03 November 2018

Annotated Game #200: A ghastly little game

This ghastly little game teaches a few things, so perhaps it wasn't a total waste of time.  Firstly, the strategic error of 4...Bg4?!? is not in itself losing, or even bad according to an engine, but it does not fit at all with what Black really needs to be doing in the position (4...e5).  These types of early strategic errors often result in a very narrow path to equality, which is easy to fall off of and into a worse position which slowly (or more rapidly here) leads to a loss.  The other major strategic error, 7...Qxd1, is also useful to illustrate how flawed is the idea of always going for piece exchanges (including the queen) against a much higher-rated opponent.  Just because material is off the board does not mean you are any safer, and in fact can simply heighten your opponent's advantage.  Don't be afraid to keep material on the board and maneuver, in other words, rather than simplify into a lost position.  You can see one of the earlier games on this blog, my simul against GM Yermolinsky (Annotated Game #4), as another good example of this.

[Event "?"]
[Site "?"]
[Date "????.??.??"]
[Round "?"]
[White "Expert"]
[Black "ChessAdmin"]
[Result "1-0"]
[ECO "D10"]
[Annotator "ChessAdmin/Komodo 11.2"]
[PlyCount "33"]

{D10: Slav Defence: cxd5 (without early Nf3) and 3 Nc3} 1. d4 d5 2. c4 c6 3.
Nc3 dxc4 {an aggressive continuation unique to the Slav.} 4. a4 Bg4 {the best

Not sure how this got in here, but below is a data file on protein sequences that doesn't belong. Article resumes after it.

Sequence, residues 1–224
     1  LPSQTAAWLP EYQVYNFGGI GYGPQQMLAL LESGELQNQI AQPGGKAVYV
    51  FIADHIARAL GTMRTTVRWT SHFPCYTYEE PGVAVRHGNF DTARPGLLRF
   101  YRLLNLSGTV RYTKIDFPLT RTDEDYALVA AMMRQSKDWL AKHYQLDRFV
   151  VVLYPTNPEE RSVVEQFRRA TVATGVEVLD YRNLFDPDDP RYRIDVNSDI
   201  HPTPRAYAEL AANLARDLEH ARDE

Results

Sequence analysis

that can be said about this move is that it's creative.} (4... e5 {striking in
the center is more to the point, exploiting the now-open d-file for Black.}) 5.
f3 {I confess I had been hoping for a move like this in reaction, which causes
problems for White's development.} Bh5 {a logical retreat, but it doesn't do
anything for Black's development.} (5... Bd7 $5 {with the idea of} 6. e4 {
and now} b5) 6. e4 e5 $146 {the right idea, just played a little late.} 7. dxe5
Qxd1+ $2 {a strategic blunder. I now have a much more difficult time dealing
with White's pawns, while White's king position is effectively no longer weak.
I believe I let myself be dominated by the idea of 'against stronger opponents,
trade down quickly'} (7... Nd7 {should be equal. For example:} 8. e6 (8. g4 $6
Qh4+ 9. Ke2 Bg6 10. Nh3 Qe7 $15) 8... fxe6 9. Bxc4 Qh4+ $11) 8. Kxd1 Nd7 {
again with the right idea, played later than it should have been.} 9. g4 Bg6 {
although Komodo only gives a small edge to White, it's easy to see how White's
space advantage makes it much easier for him to play.} 10. f4 $14 h6 $2 {
unfortunately the correct defense is moving the h-pawn two squares forward,
not one. I was concerned about providing a haven for the bishop on h7, but
also should have recognized the need to break up White's kingside formation,
which now rolls forward and crushes me.} (10... h5 11. Bxc4 (11. f5 {is now
less effective:} Bh7 12. gxh5 $6 (12. g5 Nxe5 $11) 12... Nxe5) 11... hxg4 $14)
11. Bxc4 $16 {the most straightforward winning continuation. I'm now down a
pawn with no compensation and still being squeezed.} Bb4 12. Nge2 O-O-O 13. Kc2
$18 {now White's king is out of danger and he can fully mobilize his forces.}
f6 $6 {a desperate move that hastens my downfall.} (13... h5 14. g5 Ne7 15. Rf1
$18) 14. f5 {good enough to win.} (14. e6 $5) 14... Nxe5 {again accelerating
the loss, but I was done for anyway.} (14... Be8 15. exf6 Ngxf6 16. Be6 $18)
15. Be6+ Kc7 16. fxg6 Nxg4 {why not? Basically wishing that White would miss
the backwards bishop move, with no other hope.} 17. Bxg4 {a quick end to a
ridiculous game.} 1-0

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